In our attempts to remove ourselves from the dead religion of many of our forefathers, we in the current church are sometimes guilty of casting out the good with the bad. One such tradition that has been wrongly demonized by some is that of fasting. Over my time in the church, I have often seen the topic of fasting abused or else excused by the very people for which it is meant as a blessing. Using the Biblical text as our guide, I would like to take a moment to analyze what God intended for fasting and how we can utilize it to empower our walk with Christ.
The topic of fasting is noted 119 times in the ESV by some counts and thus is not a topic to which we need to devote a massive amount of study. It is, however, one that we should not disregard either. A quick survey of the Word shows us that fasting is an act of worship that can either be used to draw closer to Christ or one that can be covered in religious piousness and serve no purpose at all. The prophet of Joel conveys the Lord's heart on fasting when he says,
"Yet even now,” declares the Lord, “return to me with all your heart, with fasting, with weeping, and with mourning; ” (Joel 2:12, ESV)
Unfortunately, throughout the Old Testament, fasting is often used as an outward act only, and not one that indicates an inward closeness to Jesus. God reprimands Israel in a number of places for this false show of religion…
“‘Why have we fasted, and you see it not? Why have we humbled ourselves, and you take no knowledge of it?’ Behold, in the day of your fast you seek your own pleasure, and oppress all your workers. Behold, you fast only to quarrel and to fight and to hit with a wicked fist. Fasting like yours this day will not make your voice to be heard on high. ” (Isaiah 58:3–4, ESV)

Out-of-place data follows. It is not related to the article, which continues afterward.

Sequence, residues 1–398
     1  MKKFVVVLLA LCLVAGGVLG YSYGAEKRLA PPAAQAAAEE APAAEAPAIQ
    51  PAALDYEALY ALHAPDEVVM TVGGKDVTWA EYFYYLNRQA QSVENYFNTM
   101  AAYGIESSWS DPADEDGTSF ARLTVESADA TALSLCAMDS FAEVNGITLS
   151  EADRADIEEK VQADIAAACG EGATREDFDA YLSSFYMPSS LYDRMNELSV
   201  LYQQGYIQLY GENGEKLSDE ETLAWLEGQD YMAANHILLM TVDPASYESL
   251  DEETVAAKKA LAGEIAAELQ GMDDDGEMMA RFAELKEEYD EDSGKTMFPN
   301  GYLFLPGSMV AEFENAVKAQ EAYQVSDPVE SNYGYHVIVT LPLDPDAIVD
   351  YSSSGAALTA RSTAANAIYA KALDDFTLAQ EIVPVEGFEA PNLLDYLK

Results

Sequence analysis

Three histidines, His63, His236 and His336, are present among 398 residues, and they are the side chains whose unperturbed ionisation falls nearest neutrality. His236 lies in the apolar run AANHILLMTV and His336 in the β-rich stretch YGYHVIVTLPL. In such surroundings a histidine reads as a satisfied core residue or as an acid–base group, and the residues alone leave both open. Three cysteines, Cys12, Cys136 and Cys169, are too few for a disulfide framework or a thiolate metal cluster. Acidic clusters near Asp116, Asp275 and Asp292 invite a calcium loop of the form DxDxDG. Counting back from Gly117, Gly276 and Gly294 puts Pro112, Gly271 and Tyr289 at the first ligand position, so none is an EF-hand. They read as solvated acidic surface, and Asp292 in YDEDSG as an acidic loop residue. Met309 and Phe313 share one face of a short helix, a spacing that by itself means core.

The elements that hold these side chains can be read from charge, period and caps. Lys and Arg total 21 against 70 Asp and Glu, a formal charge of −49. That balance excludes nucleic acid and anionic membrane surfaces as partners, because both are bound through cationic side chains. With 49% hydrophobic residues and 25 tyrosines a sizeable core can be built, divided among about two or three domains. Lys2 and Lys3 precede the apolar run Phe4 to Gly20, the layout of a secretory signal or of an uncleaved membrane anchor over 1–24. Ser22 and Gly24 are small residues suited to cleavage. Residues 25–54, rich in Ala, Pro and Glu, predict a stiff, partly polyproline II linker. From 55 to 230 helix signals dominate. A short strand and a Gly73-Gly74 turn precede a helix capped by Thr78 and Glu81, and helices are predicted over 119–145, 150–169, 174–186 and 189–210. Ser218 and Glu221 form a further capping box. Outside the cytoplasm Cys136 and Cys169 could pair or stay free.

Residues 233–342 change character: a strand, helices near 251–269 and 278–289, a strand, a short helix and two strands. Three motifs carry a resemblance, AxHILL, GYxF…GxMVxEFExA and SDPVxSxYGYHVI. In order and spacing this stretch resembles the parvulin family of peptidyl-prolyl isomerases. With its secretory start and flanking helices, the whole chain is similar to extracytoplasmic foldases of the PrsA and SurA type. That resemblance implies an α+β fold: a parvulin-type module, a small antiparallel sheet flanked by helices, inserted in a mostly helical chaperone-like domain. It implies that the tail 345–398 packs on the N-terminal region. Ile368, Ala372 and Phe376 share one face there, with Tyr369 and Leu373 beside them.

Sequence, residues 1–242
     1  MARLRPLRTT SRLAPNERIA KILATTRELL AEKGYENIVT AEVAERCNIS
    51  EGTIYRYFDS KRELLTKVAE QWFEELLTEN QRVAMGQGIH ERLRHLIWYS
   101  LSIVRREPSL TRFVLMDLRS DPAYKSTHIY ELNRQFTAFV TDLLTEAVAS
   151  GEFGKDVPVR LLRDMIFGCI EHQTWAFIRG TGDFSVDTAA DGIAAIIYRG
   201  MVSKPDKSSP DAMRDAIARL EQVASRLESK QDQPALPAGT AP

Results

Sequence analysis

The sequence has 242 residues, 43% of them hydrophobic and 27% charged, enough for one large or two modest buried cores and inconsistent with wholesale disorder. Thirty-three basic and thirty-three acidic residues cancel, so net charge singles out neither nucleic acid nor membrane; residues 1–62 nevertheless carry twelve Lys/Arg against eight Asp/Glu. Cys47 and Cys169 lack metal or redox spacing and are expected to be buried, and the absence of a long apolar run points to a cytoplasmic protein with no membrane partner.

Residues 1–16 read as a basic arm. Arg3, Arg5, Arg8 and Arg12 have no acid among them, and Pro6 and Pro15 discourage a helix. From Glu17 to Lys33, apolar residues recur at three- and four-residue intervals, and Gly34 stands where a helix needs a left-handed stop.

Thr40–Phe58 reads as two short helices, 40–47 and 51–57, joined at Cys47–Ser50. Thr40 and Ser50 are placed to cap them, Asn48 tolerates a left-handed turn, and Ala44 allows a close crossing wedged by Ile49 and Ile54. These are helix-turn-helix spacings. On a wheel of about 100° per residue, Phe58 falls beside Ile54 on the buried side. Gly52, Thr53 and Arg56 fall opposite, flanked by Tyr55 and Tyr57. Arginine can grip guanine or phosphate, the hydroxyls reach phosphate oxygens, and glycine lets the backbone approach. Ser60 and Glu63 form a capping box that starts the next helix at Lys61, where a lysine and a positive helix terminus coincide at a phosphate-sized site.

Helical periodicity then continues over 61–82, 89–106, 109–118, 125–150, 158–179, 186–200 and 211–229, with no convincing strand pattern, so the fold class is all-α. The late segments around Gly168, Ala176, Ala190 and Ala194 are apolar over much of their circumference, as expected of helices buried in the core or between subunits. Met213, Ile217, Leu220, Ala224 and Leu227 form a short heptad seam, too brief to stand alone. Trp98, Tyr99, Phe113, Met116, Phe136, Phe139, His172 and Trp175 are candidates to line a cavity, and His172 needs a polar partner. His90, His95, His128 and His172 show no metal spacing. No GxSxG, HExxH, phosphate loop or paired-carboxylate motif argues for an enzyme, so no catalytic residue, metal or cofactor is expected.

If we are going to use fasting for the purpose the Lord intended, it must be for the purpose of increasing in our walk with Jesus, mourning for and loosening the bonds of sin in our life, encouraging revival, and seeking the Lord's will.
There are 4 overall types of fasts that are shown in the word. In all cases, one should take into account their physical health and if necessary, even consult with their health professional in cases of extreme health issues. The first type of fast is the normal fast in which one abstains from all food for a set period of time. The second is an absolute fast in which one abstains from all food and drink for a short period of time. Again, this should be undertaken cautiously. Third, there is a partial fast in which one abstains from certain food or drink in the midst of their normal diet. Finally, there is a rotational fast in which a certain food is removed from your diet on a rotating basis over a set period of time.
The type of fast does not necessarily matter as long as the heart behind the fast is correct and the purpose is clear. The point of fasting is to put the flesh in submission to the Spirit. Most of our lives, especially here in the Western world, are spent focusing on anything other than Jesus. We silo Him and our walk with Him into a small portion of our days. Fasting consciously puts a halt to this and puts our earthly, fleshly bodies into a state of submission in which we must look to Christ for strength and keep our minds stayed upon Him. How does this work out practically you might ask? Here are some basic steps in undertaking a fast to seek after God:
1) If you are struggling and feel that the Lord is asking you to undertake a fast, define your purpose and pray for guidance on what type of fast to undertake.
2) If you have health issues that need consideration, discuss the fast with a health professional.
3) Decide on a time period and what food and/or drink from which you will abstain.
4) Begin the fast with a set time of worship and communion. This can be a corporate worship gathering in your church or a personal time of worship before the Lord.
5) Read through a section of Scripture throughout the time of your fast. A good rule of thumb is that at every point that your flesh cries out in hunger or thirst, turn to prayer and reading/reciting of the Word of God. If you are led to journal, these are also times in which you can record your thoughts and heart towards serving Jesus.